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ALFONSO X King of Castile and Violante of Aragon

ALFONSO X, King of Castile. [Familytree].
Born on 23 November 1221 in Toldeo, Spain; the eldest son of FERDINAND III King of Castile and Beatrice of Swabia (Hohenstaufen). His maternal grandparents were Philip of Swabia and Irene Angelina.

Spanish monarch who ruled as the King of Galicia, Castile and León from 1252 until his death. He was elected Rex Romanorum in 1254. His nicknames were "el Sabio" ("the Wise", more accurately translated "the Learned") and "el Astrólogo" ("the Astronomer").

* As a writer and intellectual he gained considerable scientific fame based on his encouragement of astronomy and the Ptolemaic cosmology as known to him through the Arabs. (Because of this, the Alphonsus crater on the Moon is named after him). His fame extends to the preparation of the Alfonsine tables,based on calculations of al-Zarqali Alzarquel. One famous quote attributed to him was supposedly said upon hearing an explanation of Ptolemy's theory of astronomy and being shown the extremely complicated mathematics required to "prove" it - "If the Lord Almighty had consulted me before embarking on creation thus, I should have recommended something simpler." The validity of this quotation is questioned by some historians.

* Alfonso established in Seville, Spain a translation school that did a great work increasing the flow of knowledge into Christian Europe as well as continuing support of the school of translators in Toledo (already founded 1127-1152 by Archbishop Raimondo of Toledo). Much of it was based on Ancient philosophy.

* As a ruler, Alfonso showed legislative capacity, and a wish to provide his kingdoms with a code of laws and a consistent judicial system. The Fuero Real was undoubtedly his work. He began the code called the Siete Partidas, which, however, was only promulgated by his great-grandson. Because of this, he is one of the 23 lawmakers depicted in the chamber of the United States House of Representatives.

* Alfonso was the first king who initiated the use of the Castilian language extensively, although his father, Fernando III had begun to use it for some documents, instead of Latin, as the language used in courts, churches, and in books and official documents.

* Alfonso lacked the singleness of purpose required by a ruler who would devote himself to organization, and also the combination of firmness with temper needed for dealing with his nobles.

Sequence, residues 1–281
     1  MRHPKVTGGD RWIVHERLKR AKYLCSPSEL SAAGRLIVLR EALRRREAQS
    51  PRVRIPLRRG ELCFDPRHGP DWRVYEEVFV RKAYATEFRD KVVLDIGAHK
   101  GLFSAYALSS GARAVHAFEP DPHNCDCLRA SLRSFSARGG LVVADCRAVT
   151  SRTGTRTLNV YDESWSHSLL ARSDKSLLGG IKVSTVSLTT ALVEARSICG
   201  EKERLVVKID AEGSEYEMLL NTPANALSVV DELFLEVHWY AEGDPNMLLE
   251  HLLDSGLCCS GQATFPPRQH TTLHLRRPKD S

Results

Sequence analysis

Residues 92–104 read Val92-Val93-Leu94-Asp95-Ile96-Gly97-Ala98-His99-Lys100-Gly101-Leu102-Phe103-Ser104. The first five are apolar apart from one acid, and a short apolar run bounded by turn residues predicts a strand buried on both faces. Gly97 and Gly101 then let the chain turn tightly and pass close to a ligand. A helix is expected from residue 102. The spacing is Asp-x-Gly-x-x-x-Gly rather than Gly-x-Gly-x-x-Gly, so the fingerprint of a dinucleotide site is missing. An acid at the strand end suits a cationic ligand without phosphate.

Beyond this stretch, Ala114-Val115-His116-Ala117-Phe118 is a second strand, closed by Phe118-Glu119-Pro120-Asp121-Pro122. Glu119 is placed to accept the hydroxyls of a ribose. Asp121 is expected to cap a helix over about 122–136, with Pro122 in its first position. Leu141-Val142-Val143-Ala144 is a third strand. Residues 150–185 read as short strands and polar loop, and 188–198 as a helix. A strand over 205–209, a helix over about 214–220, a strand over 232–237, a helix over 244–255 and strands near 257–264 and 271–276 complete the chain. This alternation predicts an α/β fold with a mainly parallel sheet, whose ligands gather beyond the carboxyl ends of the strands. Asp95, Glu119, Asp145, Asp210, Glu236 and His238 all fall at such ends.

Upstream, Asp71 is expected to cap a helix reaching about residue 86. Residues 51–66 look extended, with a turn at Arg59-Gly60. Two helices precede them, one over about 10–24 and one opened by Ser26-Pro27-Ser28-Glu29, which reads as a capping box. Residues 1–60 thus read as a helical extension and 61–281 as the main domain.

* Alfonso's descent from the Hohenstaufen through his mother, a daughter of the emperor Philip of Swabia, gave him a claim to represent the Swabian line. Alfonso's election by the prince-electors of the Holy Roman Empire after the death of Conrad IV of Germany in 1254 misled him into wild schemes that involved excessive expense but never took effect. To obtain money, he debased the coinage and then endeavoured to prevent a rise in prices by an arbitrary tariff. The little trade of his dominions was ruined, and the burghers and peasants were deeply offended. His nobles, whom he tried to cow by sporadic acts of violence, rebelled against him.

* Alfonso's eldest son, Ferdinand de la Cerda, Infante of Castile, died in 1275, leaving two infant sons. Alfonso's second son, Sancho, claimed to be the new heir, in preference to the children of Ferdinand de la Cerda, basing his claim on an old Castilian custom, that of proximity of blood and agnatic seniority. Alfonso preferred to leave the throne to his grandsons, but Sancho had the support of the nobility. A bitter civil war broke out resulting in 1282 Alfonso's being forced to accept Sancho as his heir instead of his young grandsons.Son and nobles alike supported the Moors when he tried to unite the nation in a crusade; and when he allied himself with Abu Yusuf Yakub, the ruling Marinid Sultan of Morocco, they denounced him as an enemy of the faith. A reaction in his favor was beginning in his later days, but he died defeated and deserted at Seville, leaving a will, by which he endeavored to exclude Sancho, and a heritage of civil war.

* Alfonso X commissioned or co-authored numerous works during his reign. One was the Cantigas de Santa Maria ("Songs to the Virgin Mary"), which is comprised of 420 poems, mostly on miracles attributed to the Virgin Mary written in Galician-Portuguese. One of the miracles he relates is his own healing in Puerto de Santa María. Other works related to Alfonso include Cantigas d'escarnio e maldicer and the Libro de los juegos ("Book of Games").